Anyway, count me firmly against the Meat Cake. The prettier it is, in fact, the more of a total screw you it seems to me — why in Jebus’ name would anyone want their meat frosted? Here is a huge gallery of meat cakes, you can see what I mean.

A few years ago, when I went to see Late Night with David Letterman, he gave some members of the audience “hamsicles” but it was a joke, people. Please Internets, do not take this as a challenge to make a meat ice cream.  That means you too, Japan.

For the Love of Rocky Raccoon!

January 15th, 2009

First Squirrels, now Raccoon? I just read on Slashfood that Raccoon is “gaining popularity these days as a main course, despite the fact that in order to become edible, it must be brined, soaked overnight, parboiled for a couple of hours and then braised, roasted or smoked.” Seriously, is rabies the new truffle oil? In the original article from Kansas one reliable fan gushes, “During grad school, my roommate and I ate 32 coons one winter. It was all free, and it was really good. If you think about being green and eating organically, raccoon meat is the ultimate organic food.” Yes, indeed, nothing like free-range, trash-fed Coons to say “organic.”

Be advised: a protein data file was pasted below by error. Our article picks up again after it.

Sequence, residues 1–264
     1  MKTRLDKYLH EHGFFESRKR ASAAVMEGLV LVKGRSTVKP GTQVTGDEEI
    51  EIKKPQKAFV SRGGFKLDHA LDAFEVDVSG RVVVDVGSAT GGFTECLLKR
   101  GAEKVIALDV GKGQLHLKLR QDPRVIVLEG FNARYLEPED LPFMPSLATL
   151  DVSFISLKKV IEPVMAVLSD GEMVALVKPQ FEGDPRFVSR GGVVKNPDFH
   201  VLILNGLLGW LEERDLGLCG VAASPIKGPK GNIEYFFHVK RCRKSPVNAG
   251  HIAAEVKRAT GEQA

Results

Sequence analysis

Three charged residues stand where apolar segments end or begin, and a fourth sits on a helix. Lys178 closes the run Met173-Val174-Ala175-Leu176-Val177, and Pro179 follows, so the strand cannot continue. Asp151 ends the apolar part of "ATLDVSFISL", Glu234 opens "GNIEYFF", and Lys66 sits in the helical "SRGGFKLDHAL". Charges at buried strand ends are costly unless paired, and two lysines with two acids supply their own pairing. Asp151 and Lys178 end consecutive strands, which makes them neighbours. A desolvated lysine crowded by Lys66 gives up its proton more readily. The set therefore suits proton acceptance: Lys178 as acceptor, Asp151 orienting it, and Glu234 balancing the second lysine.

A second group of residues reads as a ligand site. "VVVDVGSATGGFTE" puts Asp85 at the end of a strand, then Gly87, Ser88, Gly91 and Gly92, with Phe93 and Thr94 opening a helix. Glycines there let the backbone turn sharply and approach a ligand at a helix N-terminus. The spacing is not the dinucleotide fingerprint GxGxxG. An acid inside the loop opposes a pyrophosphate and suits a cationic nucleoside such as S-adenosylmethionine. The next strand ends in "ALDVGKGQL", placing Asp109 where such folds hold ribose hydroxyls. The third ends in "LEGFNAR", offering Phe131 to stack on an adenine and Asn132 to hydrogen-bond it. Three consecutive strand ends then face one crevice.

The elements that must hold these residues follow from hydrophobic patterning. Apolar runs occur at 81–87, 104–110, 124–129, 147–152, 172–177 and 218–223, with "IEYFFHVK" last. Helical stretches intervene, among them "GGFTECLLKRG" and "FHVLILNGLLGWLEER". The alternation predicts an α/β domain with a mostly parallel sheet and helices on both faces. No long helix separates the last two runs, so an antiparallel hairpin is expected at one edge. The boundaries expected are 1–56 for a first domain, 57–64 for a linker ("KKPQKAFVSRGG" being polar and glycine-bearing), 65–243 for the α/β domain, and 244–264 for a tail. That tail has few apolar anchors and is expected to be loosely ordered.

To prepare for the inevitable next food news item: How many Chucks can a woodchuck feed if a woodchuck doesn’t make Chucks upchuck?  Here is the answer and how to prepare all sorts of ‘Varmints‘, courtesy of Gourmet, no less.

In my quest for carnivore knowledge, I am looking to meet meat in the best possible light, meaning in the most delicious manner. I’ve had a lot of great suggestions from friends, including: